Like any strong organizational strategy, effective recruitment is not a one-size-fits all initiative. The individuals in your organization are unique, and the new roles you seek to fill are, too. Your talent strategy must be flexible and inclusive, accounting for differences in job responsibilities and skills needed.
At Brighter Strategies, we designed a five-step hiring model to guide talent leaders on their journey toward better recruitment practices. As you can see, the process starts with sourcing, moves to selection, and finishes with new employee onboarding.
This blog introduces best practices for the first half of the process: acquiring and hiring candidates.
To ensure your recruitment strategy results in high retention and an inclusive workforce, consider the following best practices when sourcing and screening talent.
Talent attraction. Your company’s brand is its first impression for external candidates. Put your best foot forward and clearly define your reputation as a best place to work. Use the career page on your website—typically the first entry point for new hires—to show off your brand and publish your cultural values.
Role creation. Start with the end in mind. What is your intention? How do you want to manage and develop talent overall and open roles specifically? Consider these hiring goals, along with the size of your company, as you kick off the hiring process. If you are using the same recruiter for every new hire and implementing a cookie-cutter approach to acquire all talent, you will produce a homogenous workforce.
Job postings. Job descriptions must be both high-converting, competency-based, and inclusive. After identifying the skills and competencies required for the role, I recommend a simple gender decoder tool, such as this Gender Decoder for Job Ads to ensure your job postings do not contain linguistic gender-coding, which can discourage some candidates from applying.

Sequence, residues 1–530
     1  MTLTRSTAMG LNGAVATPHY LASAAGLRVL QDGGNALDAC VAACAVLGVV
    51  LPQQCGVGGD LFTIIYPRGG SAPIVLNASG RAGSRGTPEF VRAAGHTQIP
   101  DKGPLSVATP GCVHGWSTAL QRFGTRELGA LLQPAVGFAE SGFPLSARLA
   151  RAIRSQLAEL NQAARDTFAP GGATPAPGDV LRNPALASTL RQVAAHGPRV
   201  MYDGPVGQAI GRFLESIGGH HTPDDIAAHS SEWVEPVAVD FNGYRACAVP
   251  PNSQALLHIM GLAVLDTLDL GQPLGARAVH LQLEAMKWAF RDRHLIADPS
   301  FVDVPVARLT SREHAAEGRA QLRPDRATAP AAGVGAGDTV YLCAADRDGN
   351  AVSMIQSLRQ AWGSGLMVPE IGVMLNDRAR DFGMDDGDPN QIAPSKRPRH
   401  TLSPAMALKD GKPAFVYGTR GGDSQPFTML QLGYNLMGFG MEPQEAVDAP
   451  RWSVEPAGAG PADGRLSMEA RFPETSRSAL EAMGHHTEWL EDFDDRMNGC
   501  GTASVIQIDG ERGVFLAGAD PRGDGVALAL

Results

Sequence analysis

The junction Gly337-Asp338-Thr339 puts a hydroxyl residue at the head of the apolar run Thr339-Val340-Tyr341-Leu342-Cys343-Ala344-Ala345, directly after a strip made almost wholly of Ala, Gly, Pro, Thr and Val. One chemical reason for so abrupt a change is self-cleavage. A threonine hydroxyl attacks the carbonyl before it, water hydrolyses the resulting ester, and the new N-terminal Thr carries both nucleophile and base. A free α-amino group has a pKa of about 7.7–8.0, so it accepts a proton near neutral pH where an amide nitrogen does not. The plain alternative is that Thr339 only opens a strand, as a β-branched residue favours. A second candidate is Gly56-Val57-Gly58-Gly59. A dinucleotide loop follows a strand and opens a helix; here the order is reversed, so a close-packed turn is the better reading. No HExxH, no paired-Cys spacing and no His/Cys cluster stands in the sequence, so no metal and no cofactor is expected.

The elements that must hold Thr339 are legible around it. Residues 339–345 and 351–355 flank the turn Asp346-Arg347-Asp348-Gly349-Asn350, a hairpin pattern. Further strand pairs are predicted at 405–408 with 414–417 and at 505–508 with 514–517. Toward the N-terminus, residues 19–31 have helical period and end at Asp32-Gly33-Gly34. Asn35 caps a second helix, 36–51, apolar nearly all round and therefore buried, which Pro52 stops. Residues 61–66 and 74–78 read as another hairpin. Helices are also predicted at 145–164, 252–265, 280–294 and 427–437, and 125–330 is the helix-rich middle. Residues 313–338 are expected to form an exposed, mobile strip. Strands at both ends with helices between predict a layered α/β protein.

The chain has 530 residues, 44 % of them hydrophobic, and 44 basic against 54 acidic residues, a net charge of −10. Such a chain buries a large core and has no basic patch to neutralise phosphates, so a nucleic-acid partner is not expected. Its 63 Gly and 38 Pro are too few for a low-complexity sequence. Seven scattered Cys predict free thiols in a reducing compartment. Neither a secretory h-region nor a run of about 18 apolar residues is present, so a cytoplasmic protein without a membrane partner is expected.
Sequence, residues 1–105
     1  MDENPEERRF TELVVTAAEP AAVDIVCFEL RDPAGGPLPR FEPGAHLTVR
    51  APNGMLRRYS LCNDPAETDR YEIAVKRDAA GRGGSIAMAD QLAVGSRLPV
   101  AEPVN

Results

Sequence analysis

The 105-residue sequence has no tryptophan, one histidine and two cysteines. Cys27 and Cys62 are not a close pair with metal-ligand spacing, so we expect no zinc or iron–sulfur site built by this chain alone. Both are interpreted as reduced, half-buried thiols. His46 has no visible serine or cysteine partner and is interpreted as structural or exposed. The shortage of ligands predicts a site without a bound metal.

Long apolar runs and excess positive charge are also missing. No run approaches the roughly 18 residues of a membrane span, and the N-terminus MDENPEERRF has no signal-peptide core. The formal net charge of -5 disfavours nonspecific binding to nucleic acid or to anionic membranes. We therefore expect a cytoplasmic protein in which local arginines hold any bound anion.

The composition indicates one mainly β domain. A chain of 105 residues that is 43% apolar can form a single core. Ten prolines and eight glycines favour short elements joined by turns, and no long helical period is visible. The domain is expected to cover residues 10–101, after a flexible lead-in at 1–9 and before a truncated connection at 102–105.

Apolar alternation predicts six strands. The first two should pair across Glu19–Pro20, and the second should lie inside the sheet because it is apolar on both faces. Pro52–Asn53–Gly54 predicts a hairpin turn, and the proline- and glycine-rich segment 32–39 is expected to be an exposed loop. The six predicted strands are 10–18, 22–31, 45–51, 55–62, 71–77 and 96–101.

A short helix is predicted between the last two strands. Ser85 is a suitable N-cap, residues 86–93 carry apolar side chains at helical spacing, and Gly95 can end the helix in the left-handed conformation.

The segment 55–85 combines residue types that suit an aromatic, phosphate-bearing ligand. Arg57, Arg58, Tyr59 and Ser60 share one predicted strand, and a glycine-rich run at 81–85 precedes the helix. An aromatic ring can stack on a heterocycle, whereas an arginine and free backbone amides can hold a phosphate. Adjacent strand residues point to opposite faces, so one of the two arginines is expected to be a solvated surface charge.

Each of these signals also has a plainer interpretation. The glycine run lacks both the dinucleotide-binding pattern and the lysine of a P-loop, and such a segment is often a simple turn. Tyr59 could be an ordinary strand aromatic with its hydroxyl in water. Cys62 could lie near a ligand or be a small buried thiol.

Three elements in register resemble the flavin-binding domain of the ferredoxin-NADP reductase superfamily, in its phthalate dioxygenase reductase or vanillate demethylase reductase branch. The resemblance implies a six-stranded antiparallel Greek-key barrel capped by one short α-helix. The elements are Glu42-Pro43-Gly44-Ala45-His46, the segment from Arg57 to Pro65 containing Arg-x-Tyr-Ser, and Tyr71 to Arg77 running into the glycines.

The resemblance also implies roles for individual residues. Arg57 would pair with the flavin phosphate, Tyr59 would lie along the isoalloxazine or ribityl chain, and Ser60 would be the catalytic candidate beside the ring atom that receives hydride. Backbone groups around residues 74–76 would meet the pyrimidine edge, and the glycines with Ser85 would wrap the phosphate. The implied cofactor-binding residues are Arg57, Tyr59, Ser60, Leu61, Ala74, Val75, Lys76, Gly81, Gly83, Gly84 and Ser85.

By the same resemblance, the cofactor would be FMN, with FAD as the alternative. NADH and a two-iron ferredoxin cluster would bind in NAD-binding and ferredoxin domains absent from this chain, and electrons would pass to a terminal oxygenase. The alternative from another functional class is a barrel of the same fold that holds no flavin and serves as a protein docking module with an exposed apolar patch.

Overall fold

Talent pool. Depending on the role and your overall talent strategy, you may source from your internal talent pipeline, external pool, or both. For candidates within your company, diversify your stream with a pipeline of employee applicants, interns, and referrals. Job boards, listservs, professional associations, and industry-specific membership associations are excellent streams of external talent.
Next, with your intentionally and inclusively sourced candidate pool, follow these tips for talent selection success.
Hiring team assembly. Your hiring dream team consists of recruiters and managers. Recruiters source candidates by tapping diverse yet targeted talent pools, screen applicants, and oversee the interviewing process. Acquisition managers offer the job and negotiate the employment contract (including compensation and benefits). Dividing and conquering hiring responsibilities allows for specialization, focus, and quality checks throughout the process.
Resume screening. Ensure the experience is uniform for every candidate, regardless of what you see on a resume or if the individual has a personal connection within the organization. Use blind resume reviews by removing all identification details from your candidates’ resumes and applications to help eliminate bias and support objective assessment.
Shortlisting. Your short list of most qualified candidates should comprise about half of the total pool of applicants. These are the prospects who make it through round one of recruitment and move on to interviewing.
Interviewer training. All interviewers must be prepared to apply the same techniques to each candidate. To promote an equitable hiring process, train interviewers in behavior-based questioning and raise awareness of potential personal biases such as confirmation bias or affinity bias. This approach assesses prospective talent for pre-determined skills and competencies important to the success of the new hire.
Evaluation. Identify the candidates from your applicant pool who best meet your predetermined talent goals and have the most critical capabilities based on the job description (that is, essential functions, qualifications, and competencies). Additionally, evaluate for behavioral and technical skills, which are both important for retention.
Vetting. Finally, do your due diligence by completing employee verification and background checks for all new hires. Sites like Goodhire provide simple and flexible screening options for employers.
High-performing organizations treat onboarding as part of recruitment. Next week, I will conclude this series on recruitment and onboarding with best practices and trends for developing your new hires from day one. In the meantime, learn how Brighter Strategies can help you realize success throughout the hiring process.